If we were to revise Manguel’s book, we’d still be talking about reading in bed and on public transport, but we’d be doing it on a range of devices as well as bound paper pages. We’d include the notion of ‘reading’ via audiobooks while we drive, walk, cycle, or exercise, and add on the idea of ‘reading’ lectures and stories whilst viewing videos such as TED Talks, often in groups as well as alone, sharing them online and viewing together live inside Facebook, Skype or Hangout. We’d expect to be able to interact by contributing to a story, or deciding its course. All of these activities extend the act of reading not just in place but in time too. I’m not sure if this is available in the UK yet, but in the USA you can link your Kindle book with its Audible equivalent, so that it syncs and switches between the two. You can read Chapter 1 before you go to sleep then listen to Chapter 2 as you travel to work. How wonderful!
So I’d like to ask you to think about your own preferences in this regard. Where and how do you read? Where are the differences and similarities? How have your reading habits been changed by the digital?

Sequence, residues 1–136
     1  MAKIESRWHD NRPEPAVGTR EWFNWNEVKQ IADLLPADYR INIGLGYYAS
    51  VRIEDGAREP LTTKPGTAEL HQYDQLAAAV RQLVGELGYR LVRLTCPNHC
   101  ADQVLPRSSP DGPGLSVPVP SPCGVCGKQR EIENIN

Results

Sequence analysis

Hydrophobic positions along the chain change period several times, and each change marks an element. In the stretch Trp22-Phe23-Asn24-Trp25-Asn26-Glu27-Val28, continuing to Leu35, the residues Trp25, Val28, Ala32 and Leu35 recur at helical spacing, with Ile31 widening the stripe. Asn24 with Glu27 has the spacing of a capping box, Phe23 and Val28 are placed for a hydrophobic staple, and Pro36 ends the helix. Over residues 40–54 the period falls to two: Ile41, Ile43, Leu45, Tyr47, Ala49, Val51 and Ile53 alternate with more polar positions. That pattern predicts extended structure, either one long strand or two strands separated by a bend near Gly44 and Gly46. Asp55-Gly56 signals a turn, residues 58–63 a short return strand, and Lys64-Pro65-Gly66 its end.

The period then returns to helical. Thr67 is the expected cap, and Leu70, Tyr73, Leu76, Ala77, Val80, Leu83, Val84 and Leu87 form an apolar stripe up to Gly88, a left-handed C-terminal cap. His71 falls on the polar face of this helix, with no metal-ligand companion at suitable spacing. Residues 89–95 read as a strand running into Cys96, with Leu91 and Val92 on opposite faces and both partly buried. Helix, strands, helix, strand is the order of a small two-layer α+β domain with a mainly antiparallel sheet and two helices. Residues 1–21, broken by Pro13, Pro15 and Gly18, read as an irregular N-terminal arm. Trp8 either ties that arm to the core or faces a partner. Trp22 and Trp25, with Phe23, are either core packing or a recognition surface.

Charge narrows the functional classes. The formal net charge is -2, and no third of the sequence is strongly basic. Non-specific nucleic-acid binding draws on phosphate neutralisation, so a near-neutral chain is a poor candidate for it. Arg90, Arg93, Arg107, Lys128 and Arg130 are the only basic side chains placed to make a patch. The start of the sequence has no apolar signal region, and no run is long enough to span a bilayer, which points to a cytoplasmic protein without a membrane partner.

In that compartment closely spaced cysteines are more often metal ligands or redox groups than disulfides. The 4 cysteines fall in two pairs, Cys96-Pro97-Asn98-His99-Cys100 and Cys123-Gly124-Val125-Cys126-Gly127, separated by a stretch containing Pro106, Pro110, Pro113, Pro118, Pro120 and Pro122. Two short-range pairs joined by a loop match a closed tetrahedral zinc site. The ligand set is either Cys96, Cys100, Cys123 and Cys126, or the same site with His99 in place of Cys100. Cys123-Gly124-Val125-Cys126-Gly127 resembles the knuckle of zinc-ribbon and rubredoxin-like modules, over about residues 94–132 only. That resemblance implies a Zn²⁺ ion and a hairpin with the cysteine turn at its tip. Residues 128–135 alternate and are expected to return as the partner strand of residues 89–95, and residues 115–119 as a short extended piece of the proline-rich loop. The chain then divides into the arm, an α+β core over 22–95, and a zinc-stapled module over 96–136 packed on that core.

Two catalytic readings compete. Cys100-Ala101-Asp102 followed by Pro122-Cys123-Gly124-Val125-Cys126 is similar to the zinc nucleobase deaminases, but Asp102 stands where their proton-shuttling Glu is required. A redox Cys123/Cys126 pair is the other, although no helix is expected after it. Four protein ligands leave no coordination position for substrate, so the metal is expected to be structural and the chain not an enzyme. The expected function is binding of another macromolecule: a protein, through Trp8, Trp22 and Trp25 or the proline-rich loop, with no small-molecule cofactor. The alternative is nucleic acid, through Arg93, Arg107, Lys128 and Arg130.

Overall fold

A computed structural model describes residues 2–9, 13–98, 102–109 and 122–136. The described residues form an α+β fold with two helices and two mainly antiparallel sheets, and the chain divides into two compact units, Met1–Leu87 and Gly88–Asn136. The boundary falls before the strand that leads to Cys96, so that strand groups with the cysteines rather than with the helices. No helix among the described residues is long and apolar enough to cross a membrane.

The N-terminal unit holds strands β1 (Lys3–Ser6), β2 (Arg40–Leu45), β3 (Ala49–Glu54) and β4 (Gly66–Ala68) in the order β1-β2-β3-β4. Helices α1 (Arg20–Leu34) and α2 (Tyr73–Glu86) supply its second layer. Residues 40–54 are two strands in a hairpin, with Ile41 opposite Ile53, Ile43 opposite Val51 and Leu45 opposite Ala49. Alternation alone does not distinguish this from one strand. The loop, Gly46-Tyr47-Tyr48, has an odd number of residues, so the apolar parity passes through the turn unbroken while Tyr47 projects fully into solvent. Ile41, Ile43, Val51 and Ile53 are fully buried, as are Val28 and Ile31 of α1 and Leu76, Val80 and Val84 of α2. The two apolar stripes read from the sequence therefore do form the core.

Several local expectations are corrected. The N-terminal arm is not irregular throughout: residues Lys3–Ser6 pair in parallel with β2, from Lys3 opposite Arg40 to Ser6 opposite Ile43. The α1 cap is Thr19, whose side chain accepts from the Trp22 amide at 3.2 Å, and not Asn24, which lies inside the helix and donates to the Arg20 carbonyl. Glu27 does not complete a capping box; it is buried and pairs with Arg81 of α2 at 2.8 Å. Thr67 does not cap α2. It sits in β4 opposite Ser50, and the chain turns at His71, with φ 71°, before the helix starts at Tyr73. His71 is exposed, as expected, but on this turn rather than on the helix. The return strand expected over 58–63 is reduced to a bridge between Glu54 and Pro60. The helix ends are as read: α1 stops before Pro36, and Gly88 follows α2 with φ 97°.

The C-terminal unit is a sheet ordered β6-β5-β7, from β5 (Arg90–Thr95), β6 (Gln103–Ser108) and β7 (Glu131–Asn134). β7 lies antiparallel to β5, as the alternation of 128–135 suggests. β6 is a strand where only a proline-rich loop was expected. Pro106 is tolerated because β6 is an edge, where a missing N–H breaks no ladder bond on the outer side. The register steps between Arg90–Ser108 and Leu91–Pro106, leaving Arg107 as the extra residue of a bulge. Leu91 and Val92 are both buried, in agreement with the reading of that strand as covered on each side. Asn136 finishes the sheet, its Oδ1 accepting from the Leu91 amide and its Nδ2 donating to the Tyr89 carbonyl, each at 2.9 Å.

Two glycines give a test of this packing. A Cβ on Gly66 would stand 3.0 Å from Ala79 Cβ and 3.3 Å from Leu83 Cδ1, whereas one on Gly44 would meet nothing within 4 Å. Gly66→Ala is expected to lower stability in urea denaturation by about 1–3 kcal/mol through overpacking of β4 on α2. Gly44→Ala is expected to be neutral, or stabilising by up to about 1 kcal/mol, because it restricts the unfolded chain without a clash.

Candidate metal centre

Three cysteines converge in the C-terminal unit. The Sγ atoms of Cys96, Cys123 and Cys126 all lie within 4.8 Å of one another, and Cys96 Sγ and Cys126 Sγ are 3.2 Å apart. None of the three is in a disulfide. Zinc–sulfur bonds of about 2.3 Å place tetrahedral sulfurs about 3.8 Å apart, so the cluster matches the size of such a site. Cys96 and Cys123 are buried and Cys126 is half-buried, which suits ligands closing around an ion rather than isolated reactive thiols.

As for my own experience, I’m casting my mind back to childhood and thinking about my favourite positions and places to read. I definitely preferred lying on my stomach, whether that was in bed, indoors on the floor, outdoors on grass or even the beach. Unlike many people, I was never into reading in the bath or on the toilet, and I really hated sitting upright to read. This became a problem as I got older and was expected to study in libraries where the only option was to sit upright on a hard chair at a hard table. Indeed, that factor played a large part in putting me off reading in libraries altogether. Now that most of them have armchairs it’s somewhat better, but I’d still prefer to stretch out on the floor. However, it’s not a very attractive prospect in a public place, either for me or for those around me! As the years passed, I learned to make myself comfortable enough for reading in an armchair, and even when needs must when sitting at a table. I got out of the habit of stretching out on the floor at home for all kinds of domestic reasons, but reading in bed is still a treat and triggers many childhood memories of being alone in my room, safe, cosy and quiet, but conscious of family presence nearby. The feel of the book varied according to the paper and board it was made from, and sometimes it brought with it the scent of libraries, shops, or previous owners. If it was a good book, I’d place it under my pillow when I’d read enough for the night. Later, when I became a writer, I sometimes did the same with my manuscripts, tucking them in beneath my head. It seemed there might be a kind of very satisfying paper-brain symbiosis going on overnight.